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Are You Working with an Enneagram Type 3?

Mar 13, 2023
What is it like to work with an Enneagram Type 3? Find out here!



The Enneagram can be transformative in your own self-awareness journey. 

And  the insight can also be valuable in your relationship management skills at work - with those you lead, with those you work beside, and with those you serve, like your clients.


Emotional intelligence is made up of four parts:

  • Self-awareness
  • Self-management
  • Others awareness
  • Relationship management

In this series about understanding people at work, you’ll gain insight beyond your own type and into how others close to you are viewing the world.


(In the video interview here, you'll learn from Jayshree Mahajang about life and work on the "inside" as a Type 3.)


If any of these ring true, you might be working with an Enneagram Type 3....


  • Do you notice they hate wasting time and can get impatient during meetings, asking others to "get to the bottom line?"
  • Do know it's hard for them to unplug from work, even on vacation or after a health scare?
  • Are they the ones asking what the end goal is anytime a new project is started?


First thing is first, though...

The foundation for the Enneagram Type 3 energy is a striving to feel outstanding.


They are focused on being seen as successful, goals, and getting from point A to point B in the most efficient way possible. 



One of their many superpowers is accomplishing their goals and achieving success in whatever they take on.

Common struggles of a Type 3 can include: always working, defining themselves by their status or income, seeing others as slowing them down, and not trying new things in fear of failure


Other clues you might be working with an Enneagram 3:


  • They look impatient during staff meetings and are the first person to look at their watch or phone. 
  • They've already been at their desk an hour before you arrive (and don't complain about working long hours).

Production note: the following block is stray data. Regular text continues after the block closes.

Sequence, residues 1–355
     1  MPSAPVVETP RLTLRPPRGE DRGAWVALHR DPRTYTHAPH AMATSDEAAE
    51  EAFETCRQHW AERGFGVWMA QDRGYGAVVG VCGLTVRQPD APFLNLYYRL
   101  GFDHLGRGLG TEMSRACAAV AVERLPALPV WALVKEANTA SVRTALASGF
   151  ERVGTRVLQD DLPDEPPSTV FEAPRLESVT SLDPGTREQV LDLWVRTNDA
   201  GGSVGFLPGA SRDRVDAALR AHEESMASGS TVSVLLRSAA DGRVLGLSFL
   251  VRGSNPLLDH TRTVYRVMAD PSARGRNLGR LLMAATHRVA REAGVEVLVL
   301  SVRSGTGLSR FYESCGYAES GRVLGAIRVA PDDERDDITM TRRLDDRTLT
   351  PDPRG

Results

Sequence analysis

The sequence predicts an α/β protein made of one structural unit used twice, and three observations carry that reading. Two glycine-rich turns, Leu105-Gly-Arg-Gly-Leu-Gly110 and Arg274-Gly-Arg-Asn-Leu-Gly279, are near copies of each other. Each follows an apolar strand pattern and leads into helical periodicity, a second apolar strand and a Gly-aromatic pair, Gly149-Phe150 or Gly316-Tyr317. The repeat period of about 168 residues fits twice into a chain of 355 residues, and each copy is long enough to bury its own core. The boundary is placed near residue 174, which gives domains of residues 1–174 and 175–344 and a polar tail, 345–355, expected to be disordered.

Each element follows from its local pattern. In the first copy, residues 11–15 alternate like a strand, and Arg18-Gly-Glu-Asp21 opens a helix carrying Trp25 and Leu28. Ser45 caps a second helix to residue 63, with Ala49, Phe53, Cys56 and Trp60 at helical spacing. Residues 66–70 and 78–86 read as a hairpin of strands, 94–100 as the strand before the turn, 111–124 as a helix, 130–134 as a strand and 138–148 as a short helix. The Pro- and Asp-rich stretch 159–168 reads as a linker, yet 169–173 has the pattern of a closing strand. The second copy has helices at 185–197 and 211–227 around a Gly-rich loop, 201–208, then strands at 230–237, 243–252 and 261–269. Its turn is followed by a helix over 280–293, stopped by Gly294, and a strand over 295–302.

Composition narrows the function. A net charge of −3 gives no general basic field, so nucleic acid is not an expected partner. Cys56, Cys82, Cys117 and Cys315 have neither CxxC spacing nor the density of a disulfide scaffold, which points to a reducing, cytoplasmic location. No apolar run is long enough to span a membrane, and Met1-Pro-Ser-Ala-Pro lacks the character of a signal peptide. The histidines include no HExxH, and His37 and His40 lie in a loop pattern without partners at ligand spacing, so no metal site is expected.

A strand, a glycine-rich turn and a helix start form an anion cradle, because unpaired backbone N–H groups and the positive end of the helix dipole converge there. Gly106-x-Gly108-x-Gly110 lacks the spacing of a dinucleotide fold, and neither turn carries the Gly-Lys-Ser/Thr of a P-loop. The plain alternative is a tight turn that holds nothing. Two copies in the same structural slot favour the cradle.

• They're the ones who ask you to speed up your presentation to "get to the good part" and frequently ask for the "bottom line." 
  • They don't stop working overtime, even when they've had a health scare.
  • They can't find time in their schedule for team building and think getting in touch with feelings is a waste of time.
  • They have difficulty staying engaged if the goal and tasks aren't clearly outlined.
  • They know what to say to motivate the team to work together to achieve success.


Is anyone coming to mind?


If so, below you'll find a few ideas for working well with them:


  1. Be competent and get sh*t done. 
  2. Leave them alone to do what they do. 
  3. Recognize their efforts and achievements. 
  4. Don't waste their time. 
  5. Recognize relationships might be secondary to their work. 
  6. Don't expect them to spend time dealing with your feelings. 


Sources: 9 Types of Leadership book by Beatrice Chestnut, Awareness to Action book by Robert Tallon and Mario Sikora, Insight book by Tasha Eurich


If you haven't already, be sure to download your quick reference guide, Understanding People Cheat Sheet, to gain insight into working with all the Enneagram Types. 


To learn more about how the Enneagram can benefit your team and organization, learn about bringing a workshop or training in with the options here. 



Sarah Wallace is the owner of Enneagram MBA, a team training company, host of the Enneagram MBA podcast, speaker, and workshop facilitator. Companies and organizations hire her to help them use the Enneagram to develop confident, effective, and emotionally intelligent leaders with powerful, productive, and happy teams.


Get Enneagram resources for influencing and interacting with people at work.

Understanding People is a free weekly newsletter sent out each Saturday morning with Enneagram insights, self-awareness how-to, book recommendations, and human behavior research to help you build healthy relationships, inspire others to action, and live the best version of yourself.